Newsbriefs: New hybrid systems and transmissions, V2G projections and battery-swapping

February 13, 2014 § Leave a comment

kia soul ev_2Alongside the Soul EV, Kia’s going to show off a new hybrid system in Geneva. This involves a 48V lead carbon battery, a small electric motor plus an electric supercharger which ups torque and power at low engine speeds. It gives a short electric-only range and all-electric cruising, features regenerative braking and a stop-start system, and enables the downsizing of the standard battery.

Kia has also been testing the Soul EV in northern Sweden (pictured; apologies for another Kia pic this week, but it is scenic) to check out its cold-climate behaviour and range. Its driver-only ventilation system helps reduce the power drawn from the batteries; its new heat pump uses waste heat from the air conditioning and electrical systems; its new air intake control system better-controls the air flow and humidity inside the vehicle; and owners can also schedule the pre-heating or pre-cooling of the cabin 30 minutes before set-off.

  • Vehicle-to-grid: more than 250,000 V2G-enabled plug-in vehicles will hit the road 2013-2022, according to a new report from Navigant Research. These will enable owners/operators to sell power back to the grid, as well as reducing peak loads and balancing demand, and “smoothing the integration of renewable energy resources and generation revenue from ancillary services markets”, says the release. Basically, you can think of it as all the cars acting as storage devices, emergency back-ups and general repositories for solar/wind/hydro power, which is generated unevenly according to time, climactic conditions etc. And there’s the opportunity to make money there, of course, which is what everyone’s trying to work out.
  • Honda’s showing the new Civic Type R in Geneva, but of more interest to me will be the Euro debut of the FCEV Concept, previewing a production car to be launched in 2015. There’s also, if not the whole car, the powertrain for the new NSX supercar: a twin-turbo, direct-injection V6 with Honda’s all-wheel-drive hybrid system adding electrical assistance.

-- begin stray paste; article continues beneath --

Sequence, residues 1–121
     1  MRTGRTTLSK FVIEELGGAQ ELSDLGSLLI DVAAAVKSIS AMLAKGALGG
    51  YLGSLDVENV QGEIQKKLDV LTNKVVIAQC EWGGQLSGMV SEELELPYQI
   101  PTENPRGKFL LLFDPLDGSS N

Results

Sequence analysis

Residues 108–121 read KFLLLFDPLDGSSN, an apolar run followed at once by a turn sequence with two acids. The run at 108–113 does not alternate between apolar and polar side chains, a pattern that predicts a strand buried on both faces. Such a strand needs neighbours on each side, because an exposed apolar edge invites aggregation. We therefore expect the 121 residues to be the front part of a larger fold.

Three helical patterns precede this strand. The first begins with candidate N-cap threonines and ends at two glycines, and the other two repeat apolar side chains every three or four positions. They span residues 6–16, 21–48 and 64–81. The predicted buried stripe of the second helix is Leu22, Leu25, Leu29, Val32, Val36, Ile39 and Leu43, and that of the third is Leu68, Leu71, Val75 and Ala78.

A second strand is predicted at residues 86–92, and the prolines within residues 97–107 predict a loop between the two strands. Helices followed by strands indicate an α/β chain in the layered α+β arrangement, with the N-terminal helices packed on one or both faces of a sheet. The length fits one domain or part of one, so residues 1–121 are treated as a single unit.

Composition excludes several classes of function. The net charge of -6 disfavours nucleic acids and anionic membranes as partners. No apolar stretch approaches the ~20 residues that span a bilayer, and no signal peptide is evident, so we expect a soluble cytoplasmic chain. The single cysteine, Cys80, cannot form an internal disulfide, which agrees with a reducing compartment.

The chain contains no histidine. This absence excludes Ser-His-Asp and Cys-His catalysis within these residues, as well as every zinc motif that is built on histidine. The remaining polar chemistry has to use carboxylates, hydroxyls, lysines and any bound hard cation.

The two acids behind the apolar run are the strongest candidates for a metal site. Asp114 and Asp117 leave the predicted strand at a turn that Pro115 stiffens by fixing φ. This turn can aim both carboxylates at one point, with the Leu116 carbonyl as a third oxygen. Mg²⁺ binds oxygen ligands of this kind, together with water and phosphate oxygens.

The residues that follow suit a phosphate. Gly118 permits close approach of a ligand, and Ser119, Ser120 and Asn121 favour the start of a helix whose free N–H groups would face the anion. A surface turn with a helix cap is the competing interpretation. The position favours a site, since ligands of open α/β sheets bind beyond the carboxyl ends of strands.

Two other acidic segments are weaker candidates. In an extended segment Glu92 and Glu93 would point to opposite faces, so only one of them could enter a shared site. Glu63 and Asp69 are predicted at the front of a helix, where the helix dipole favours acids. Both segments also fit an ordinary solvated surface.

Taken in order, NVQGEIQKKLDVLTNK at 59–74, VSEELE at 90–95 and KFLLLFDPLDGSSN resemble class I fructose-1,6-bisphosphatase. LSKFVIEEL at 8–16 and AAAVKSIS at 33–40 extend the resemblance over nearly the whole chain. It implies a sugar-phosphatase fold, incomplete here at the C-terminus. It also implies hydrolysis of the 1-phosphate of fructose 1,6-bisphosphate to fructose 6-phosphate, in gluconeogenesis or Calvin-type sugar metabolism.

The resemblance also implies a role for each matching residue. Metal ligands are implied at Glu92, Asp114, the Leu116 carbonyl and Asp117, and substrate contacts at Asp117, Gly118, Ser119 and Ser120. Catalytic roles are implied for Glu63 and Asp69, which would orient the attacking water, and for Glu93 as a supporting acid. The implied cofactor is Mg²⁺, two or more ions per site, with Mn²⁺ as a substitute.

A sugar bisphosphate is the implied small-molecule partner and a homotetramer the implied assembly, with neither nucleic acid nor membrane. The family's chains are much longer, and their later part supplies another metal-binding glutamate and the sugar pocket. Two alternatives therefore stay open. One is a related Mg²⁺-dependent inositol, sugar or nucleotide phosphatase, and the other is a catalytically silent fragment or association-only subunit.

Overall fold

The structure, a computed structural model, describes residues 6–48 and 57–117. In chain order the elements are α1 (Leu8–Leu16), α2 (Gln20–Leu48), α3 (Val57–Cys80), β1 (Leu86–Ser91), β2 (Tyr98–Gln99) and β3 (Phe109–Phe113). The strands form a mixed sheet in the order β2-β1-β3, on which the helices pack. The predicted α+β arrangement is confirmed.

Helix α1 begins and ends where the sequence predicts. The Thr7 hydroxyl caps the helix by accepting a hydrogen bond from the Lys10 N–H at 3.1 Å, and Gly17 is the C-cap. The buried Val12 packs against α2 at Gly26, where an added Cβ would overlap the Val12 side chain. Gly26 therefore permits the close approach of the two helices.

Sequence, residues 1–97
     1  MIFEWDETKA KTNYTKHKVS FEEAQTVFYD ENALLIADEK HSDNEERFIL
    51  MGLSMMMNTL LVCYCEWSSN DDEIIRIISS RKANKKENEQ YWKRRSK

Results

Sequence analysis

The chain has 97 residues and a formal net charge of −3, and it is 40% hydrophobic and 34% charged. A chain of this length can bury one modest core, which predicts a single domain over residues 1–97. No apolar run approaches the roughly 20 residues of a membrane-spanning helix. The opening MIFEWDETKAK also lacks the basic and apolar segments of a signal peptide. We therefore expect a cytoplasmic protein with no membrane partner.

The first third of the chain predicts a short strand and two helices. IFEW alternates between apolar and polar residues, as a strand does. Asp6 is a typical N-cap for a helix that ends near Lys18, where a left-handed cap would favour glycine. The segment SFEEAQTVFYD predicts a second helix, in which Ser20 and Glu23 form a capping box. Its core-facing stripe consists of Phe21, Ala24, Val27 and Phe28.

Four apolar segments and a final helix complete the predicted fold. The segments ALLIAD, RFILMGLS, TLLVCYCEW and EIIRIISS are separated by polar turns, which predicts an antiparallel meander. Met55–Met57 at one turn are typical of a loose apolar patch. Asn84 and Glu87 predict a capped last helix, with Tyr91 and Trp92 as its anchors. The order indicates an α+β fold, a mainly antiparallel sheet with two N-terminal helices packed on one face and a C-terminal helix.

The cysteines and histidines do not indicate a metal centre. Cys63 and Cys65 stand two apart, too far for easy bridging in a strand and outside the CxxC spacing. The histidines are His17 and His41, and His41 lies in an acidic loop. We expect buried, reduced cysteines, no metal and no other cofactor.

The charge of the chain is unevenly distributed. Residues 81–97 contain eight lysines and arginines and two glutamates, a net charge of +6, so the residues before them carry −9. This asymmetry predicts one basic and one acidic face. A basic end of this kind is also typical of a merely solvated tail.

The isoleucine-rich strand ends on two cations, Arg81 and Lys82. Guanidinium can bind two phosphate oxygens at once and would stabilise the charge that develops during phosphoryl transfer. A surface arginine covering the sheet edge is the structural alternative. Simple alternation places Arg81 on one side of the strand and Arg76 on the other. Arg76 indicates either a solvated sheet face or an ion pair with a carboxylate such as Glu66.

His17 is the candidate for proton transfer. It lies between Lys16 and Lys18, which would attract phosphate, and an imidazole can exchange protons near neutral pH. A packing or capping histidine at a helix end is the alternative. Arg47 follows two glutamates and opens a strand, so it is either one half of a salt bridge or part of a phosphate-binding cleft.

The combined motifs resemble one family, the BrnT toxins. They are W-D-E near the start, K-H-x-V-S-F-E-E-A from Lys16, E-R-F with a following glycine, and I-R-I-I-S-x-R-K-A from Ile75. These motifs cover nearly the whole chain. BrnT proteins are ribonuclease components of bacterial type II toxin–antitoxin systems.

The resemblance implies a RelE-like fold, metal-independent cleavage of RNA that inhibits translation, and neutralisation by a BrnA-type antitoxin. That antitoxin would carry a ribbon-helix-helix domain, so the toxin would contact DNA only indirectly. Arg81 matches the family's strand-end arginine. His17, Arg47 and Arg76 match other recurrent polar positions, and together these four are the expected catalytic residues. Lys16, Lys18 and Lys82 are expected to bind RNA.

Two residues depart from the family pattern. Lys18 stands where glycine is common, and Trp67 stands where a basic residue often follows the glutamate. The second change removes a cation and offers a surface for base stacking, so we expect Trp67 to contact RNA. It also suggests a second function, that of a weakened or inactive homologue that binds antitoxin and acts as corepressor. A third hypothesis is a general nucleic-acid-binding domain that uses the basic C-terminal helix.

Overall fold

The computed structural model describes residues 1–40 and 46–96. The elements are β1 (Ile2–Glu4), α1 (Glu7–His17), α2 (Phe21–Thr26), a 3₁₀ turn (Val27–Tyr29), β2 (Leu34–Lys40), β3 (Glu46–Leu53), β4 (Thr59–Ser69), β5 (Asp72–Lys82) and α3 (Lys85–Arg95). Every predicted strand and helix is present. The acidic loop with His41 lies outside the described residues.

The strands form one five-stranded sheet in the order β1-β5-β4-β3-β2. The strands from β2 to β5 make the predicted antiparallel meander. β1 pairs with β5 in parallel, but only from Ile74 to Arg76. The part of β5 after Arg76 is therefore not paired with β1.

• British firm Magnomatics – a spin-off from Sheffield University – has announced a second-generation version of its Magsplit eCVT transmission system for hybrid vehicles. This could potentially replace mechanical planetary gears and motor/generators as in conventional hybrid power-split transmissions, and is said to offer 1-2% fuel consumption savings, though the larger gains are in downsizing, reduced system complexity, no need for lubrication, and low battery charge swing, allowing a downsizing of the battery or longer battery life. More of the science bit explained here.
  • Bosch, Mitsubishi and GS Yuasa have formed a JV to develop next-generation lithium-ion battery tech, with the aim of doubling energy capacity and achieving “a giant leap forward”. More here.
  • Is there still  a place for battery-swapping in the wake of the demise of Better Place? Transport Evolved has the low-down on a Slovakian fleet operator which is using a simple, low-tech manual stacking system – similar to that of loading pallets onto a forklift – to keep its clients’ vans in action. Swaps can take just seven minutes, apparently, and one of its clients has done 24,000 miles in six months due to elimination of the downtime needed for charging.

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